The law was intended to bring order to a market that has been prone to smuggling and counterfeiting of the current stamp, even of some of the nicer brands.

The new stamp, printed with special materials and details for each bottle, should accomplish that goal, though not without significant disruptions in imports that Drobiz and others said could last through the year and even into 2007, while costing the market and the government millions in lost revenues.

Drobiz predicted that at least half of the country's alcohol distributors would be forced out of business. Many, he said, have already been crippled by debt because the ban on Georgian and Moldovan wines left them with unsalable merchandise. As a result, they cannot easily borrow more to refill the now-empty shelves with other imports.

Only 70 of 126 licensed importers have managed to acquire the new equipment and software necessary, the newspaper Vedomosti reported. Many foreign exporters have also been wary of sending new shipments until the mess can be sorted out, compounding the shortages.

Irina Sazonova, a spokeswoman for the Federal Customs Service, defended the law's implementation. "There are no problems," she said. "The stamps are issued to every importer who asks for them."

At the same time, she said that as of last week, fewer than half the requests for stamps for 162 million bottles had been granted, since the requests take as long as a month to process. Only 1.8 million bottles of foreign alcohol with the new stamps have been shipped so far, Drobiz said, only 5 percent of the market.

And the effect is already evident. Store after store visited this week had only a smattering of bottles with the new stamps, mostly spirits, not wine. Some made a futile effort to fill shelves that would normally have been full of wines and whiskeys with other products, often vodka, beer or boxed Russian wine.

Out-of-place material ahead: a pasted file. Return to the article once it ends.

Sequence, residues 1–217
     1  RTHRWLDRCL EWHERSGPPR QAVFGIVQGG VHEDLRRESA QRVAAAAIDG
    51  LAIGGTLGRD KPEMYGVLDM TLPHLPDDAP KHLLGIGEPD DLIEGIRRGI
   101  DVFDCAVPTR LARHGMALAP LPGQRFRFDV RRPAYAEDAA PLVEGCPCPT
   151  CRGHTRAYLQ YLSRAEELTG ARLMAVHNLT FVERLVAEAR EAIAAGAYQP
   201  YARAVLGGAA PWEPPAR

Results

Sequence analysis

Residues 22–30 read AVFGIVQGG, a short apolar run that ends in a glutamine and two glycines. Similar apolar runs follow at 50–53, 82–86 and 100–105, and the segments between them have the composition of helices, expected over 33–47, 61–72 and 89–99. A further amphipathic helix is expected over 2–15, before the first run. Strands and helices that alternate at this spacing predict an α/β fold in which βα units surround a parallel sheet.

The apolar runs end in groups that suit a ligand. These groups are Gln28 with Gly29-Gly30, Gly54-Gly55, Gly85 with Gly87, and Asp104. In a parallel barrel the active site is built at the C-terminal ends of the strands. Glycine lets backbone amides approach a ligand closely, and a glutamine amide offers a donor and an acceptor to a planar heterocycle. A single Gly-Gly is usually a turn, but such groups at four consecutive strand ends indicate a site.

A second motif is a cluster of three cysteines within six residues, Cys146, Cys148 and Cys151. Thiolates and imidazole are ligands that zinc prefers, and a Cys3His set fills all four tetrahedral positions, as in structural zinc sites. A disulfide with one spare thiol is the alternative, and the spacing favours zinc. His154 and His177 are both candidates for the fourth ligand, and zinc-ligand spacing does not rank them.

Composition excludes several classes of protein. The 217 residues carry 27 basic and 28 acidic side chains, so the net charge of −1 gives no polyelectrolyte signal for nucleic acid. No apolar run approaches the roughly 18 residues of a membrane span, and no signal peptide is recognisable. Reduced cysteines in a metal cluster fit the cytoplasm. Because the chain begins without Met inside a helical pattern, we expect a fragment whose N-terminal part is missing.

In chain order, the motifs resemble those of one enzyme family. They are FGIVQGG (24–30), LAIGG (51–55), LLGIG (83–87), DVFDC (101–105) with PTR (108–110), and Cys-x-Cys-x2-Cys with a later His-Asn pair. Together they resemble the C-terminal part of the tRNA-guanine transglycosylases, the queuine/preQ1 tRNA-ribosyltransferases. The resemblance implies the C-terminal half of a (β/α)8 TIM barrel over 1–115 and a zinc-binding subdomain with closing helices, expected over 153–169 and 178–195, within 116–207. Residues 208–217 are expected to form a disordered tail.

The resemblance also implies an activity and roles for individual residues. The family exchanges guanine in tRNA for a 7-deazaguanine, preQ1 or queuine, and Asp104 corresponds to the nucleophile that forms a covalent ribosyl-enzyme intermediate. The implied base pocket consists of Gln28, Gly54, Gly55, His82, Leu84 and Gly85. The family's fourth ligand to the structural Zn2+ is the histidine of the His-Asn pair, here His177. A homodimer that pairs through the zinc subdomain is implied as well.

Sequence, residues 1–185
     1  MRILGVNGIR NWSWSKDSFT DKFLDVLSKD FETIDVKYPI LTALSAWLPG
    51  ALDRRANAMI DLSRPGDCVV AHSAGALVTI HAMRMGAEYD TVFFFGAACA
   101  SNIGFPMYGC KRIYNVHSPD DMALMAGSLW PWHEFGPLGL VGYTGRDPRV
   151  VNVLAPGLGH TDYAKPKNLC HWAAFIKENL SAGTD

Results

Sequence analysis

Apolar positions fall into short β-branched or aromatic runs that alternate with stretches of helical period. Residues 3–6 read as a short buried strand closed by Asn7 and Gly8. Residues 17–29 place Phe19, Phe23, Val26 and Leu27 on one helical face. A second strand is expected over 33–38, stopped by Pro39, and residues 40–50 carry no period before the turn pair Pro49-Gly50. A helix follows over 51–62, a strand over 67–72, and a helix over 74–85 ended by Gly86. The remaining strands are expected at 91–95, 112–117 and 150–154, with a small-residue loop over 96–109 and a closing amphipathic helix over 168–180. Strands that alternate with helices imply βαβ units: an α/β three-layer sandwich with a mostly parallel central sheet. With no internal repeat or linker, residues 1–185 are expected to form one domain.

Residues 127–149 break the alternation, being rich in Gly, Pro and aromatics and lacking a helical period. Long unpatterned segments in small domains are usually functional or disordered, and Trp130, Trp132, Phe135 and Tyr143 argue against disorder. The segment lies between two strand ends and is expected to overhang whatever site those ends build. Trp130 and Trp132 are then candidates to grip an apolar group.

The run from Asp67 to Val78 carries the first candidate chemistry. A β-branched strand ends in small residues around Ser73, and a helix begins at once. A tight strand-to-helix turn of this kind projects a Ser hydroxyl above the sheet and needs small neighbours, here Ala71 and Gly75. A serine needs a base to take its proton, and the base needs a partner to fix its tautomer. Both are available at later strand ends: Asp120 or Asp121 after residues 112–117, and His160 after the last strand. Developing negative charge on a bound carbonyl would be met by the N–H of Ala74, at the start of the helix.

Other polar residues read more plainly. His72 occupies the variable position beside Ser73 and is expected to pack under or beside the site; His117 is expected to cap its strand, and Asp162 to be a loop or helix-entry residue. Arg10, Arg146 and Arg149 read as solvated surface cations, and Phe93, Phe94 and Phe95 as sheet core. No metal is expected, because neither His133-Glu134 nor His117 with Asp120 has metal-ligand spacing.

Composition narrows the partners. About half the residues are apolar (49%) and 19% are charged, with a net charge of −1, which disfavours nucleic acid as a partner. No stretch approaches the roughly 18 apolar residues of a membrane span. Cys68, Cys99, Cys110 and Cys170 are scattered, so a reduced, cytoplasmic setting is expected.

Fyodor Omelchenko, the manager of an Italian restaurant called Vivace, said his wine menu was suffering. Where once he offered 70 wines, he said, he now has only a dozen. "The assortment will be reduced to a minimum," he said, but he was hopeful that the supply would be restored in weeks, not months.

Aleksandr Khaidukov, the manager of the wine section of the Davidoff store on Moscow's prominent shopping street, Tverskaya, summarized the frustration with a colorful expletive that translates roughly as "catastrophic."

His cellar shop, once abundantly stocked, was already virtually empty, its selection boxed and sent to a warehouse -- during a recent hot spell, he noted, in which temperatures have exceeded 90 degrees -- where its ultimate fate remains in limbo. (A proposal to give distributors until December to affix the new stamps on the bottles with the old ones is in the works, but even so, the old bottles must be removed by Saturday.)

"You cannot sell," he said, "but you still have to pay rent."

Andrei Yegorov, a spokesman for Wine World, one of the largest importers, said the government had disregarded the warnings of importers to delay the deadline or phase it in, perhaps to benefit domestic producers but more likely out of incompetence.

"The roads are bad in Russia," he said, speaking euphemistically. "That is why nothing is sorted out in time."

Posté par CFRIES à 10:43 - Agroalimentaire - Permalien [#]